February 11, 2015

Why I Cry During Yoga Class.

yoga pigeon / Robert Bejil

The first time I did yoga was in my coworker’s basement.

She was fifteen years older than me and had previously been a yoga teacher. We worked together at the public library, and she had taken me—24, baffled at the world, struggling with bipolar disorder—under her wing. She showed me pigeon pose and I wanted to cry out from the discomfort. She taught me how to breathe in a way that would increase my energy. She made me feel safe and warm and powerful.

I was recently out of an abusive relationship. Not the kind of abusive relationship where he hit me, but the most subtle, insidious kind: lies, manipulations, betrayals. He claimed to be polyamorous but was not open at all about his other partners. But I was infatuated and could not let go.

It was possible my father had committed suicide. There was no way to know; he had died of heart failure exacerbated by the toxicity from a weight loss drug called phentermine that he prescribed at his medical weight loss office. His own drug had killed him. I would never know if he had intentionally taken extra pills to kill himself or if it was an accident.

My bipolar disorder was not being properly managed—I had crazy mood swings and had taken to calling in sick to work so I could sleep all day. I had thoughts of walking out into the woods, lying down on the ground and staying there until I died.

The first time I went to a yoga class somewhere other than my coworker’s basement, I cried. My father was three months dead. My boyfriend and I had broken up a week earlier. I did Warrior 1, Warrior 2, another sun salutation and then, back in the uncomfortable pigeon pose, I laid my head on the ground and let it out. I cried quietly but intensely, the tears streaming down.

I started going to yoga twice a week, when my bipolar symptoms didn’t keep me at home. I was a zombie some days and, as soon as work was out, all I wanted to do was go home and lay in bed. I kept crying in yoga class. The breathing and the movements were good for me. I’d feel free after each class, until my circumstance and my symptoms came crashing back over me.

I started dating someone twice my age. He was abusive too—yelled at me and called me a dumbass. Other times he was nice. He gave me lots of weed and sugar and alcohol. He didn’t want to be seen around town with someone so out of his age range, so we never went out together. Sometimes he would go out alone and I would stay at his house by myself. I would smoke his weed and do some yoga on his mat. But when I was stoned I could never focus my attention, and I would end up laying there staring at the ceiling, wondering what the hell I was doing.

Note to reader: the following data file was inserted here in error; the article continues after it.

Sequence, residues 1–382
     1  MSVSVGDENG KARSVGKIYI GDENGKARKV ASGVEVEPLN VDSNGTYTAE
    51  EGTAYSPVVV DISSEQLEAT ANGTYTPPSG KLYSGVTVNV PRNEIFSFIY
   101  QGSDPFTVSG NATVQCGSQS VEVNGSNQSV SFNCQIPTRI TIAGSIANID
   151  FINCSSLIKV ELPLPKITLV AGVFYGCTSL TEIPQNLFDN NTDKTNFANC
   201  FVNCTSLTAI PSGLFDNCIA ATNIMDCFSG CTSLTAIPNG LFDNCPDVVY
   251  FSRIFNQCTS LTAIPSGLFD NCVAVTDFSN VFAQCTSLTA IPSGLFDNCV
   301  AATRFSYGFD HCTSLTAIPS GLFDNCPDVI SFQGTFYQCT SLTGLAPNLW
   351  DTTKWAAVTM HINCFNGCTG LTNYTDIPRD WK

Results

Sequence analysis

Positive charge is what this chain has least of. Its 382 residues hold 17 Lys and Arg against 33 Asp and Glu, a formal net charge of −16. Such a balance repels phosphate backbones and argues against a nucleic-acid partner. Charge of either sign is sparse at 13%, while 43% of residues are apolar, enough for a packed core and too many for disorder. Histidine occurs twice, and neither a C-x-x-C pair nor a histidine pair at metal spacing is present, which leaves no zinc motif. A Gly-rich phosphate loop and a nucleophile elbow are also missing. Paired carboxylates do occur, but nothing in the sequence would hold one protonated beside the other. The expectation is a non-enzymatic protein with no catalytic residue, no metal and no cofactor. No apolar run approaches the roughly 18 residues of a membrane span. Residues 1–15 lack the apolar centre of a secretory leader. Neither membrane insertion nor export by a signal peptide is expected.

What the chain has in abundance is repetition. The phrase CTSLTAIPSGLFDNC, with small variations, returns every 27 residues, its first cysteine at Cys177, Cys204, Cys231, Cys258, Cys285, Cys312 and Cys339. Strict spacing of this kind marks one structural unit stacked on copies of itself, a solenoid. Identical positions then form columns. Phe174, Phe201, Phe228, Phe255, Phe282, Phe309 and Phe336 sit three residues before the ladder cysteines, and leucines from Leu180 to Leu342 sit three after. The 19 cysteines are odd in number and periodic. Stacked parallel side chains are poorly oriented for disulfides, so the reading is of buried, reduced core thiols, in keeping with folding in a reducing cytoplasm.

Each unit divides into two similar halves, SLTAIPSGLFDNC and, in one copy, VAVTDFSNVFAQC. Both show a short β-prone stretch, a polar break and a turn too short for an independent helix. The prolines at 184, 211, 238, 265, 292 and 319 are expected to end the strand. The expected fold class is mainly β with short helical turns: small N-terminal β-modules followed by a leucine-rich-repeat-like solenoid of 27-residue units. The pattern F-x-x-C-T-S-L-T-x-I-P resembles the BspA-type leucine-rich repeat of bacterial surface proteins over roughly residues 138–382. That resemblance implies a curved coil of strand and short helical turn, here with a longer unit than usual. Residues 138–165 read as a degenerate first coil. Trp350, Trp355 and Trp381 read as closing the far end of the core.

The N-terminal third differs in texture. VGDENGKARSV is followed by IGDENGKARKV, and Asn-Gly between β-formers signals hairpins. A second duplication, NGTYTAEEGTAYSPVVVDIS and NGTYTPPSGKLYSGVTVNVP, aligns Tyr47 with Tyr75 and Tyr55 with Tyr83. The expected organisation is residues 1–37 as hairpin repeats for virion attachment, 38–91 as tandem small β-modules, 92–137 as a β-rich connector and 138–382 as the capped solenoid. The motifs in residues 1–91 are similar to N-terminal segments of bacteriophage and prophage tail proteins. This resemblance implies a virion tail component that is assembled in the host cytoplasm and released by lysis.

I broke up with the man twice my age and on a whim texted an old crush from college. I ended up driving up to the mountains two hours away to spend a week with him. At night we would watch movies and read together. I had been so infatuated with him when we were school together. It was magical to finally be with him. During the day he went to his electrician’s job, and I would either read all day or go to yoga class. It felt so good, to be there with him, to be doing yoga while he was at work.

When I went up to visit for a second time, we had sex the first night, but from then on, when we went to bed he ignored me. I cried. I was doing something wrong.

“You haven’t done anything wrong,” he said. “It’s just, you’ve been here a long time, and it feels like living with someone again. I’m sorry.”

I told him about my dad’s potential suicide. I told him how I couldn’t have orgasms because of my bipolar meds. He said he was sorry it was like that for me.

The next day, I went home, but I left him a letter asking if he wanted to be in a relationship with me. He said no.

Two weeks later, I took a plane to Europe.

With me was one hiking backpack. Strapped to it was my yoga mat. I was going to Europe for three months. Six weeks would be spent at an artist’s retreat in the south of France. I sold most of my belongings before heading out. All 600 of my books were in my mother’s basement, waiting for me to return.

In France, I did sun salutations every day. My bipolar symptoms prevented me from working on my novel efficiently. Sometimes I spent all day in bed. I would try to get up to eat and at least do a few poses on the mat. I was struggling. I emailed my former lover who was twice my age saying I was going to kill myself. I thought about killing myself. I was a wreck.

After Europe, I moved to Montreal. There I stayed in the apartment of the mother of a famous rockstar, who happened to be my friend’s aunt, who happened to be nice enough to let me stay in her place while spent the summer in Ottawa. I was there for graduate school in library studies. My first week, I tried going to hot yoga, but by that point my bipolar meds had started making me sweat profusely under the least stimulus, and hot yoga proved very uncomfortable, so I left early, claiming to be sick.

I met a boy I liked who didn’t want a relationship. I missed my lover who was twice my age. My bipolar symptoms left me stranded in bed some days. I found an apartment. I found new friends. I found a job. I started school. Eventually I found a boyfriend. I loved him but something was missing. I broke up with him. My bipolar symptoms flared. I spent days in bed, wanting to die. My new Canadian doctor adjusted my meds. I felt better, but the dips still came.

I found a new yoga studio. I try to go twice a week, when my symptoms aren’t overwhelming me. I’m online dating for the first time. My medications could be working better. I feel I’m too crazy to live. I miss my father. I get on the mat. I miss my ex-boyfriends. I am in pigeon pose. I want to fix my life. The tears flow.


Author: Lynn David

Editor: Caroline Beaton

Photo: Robert Bejil/Flickr

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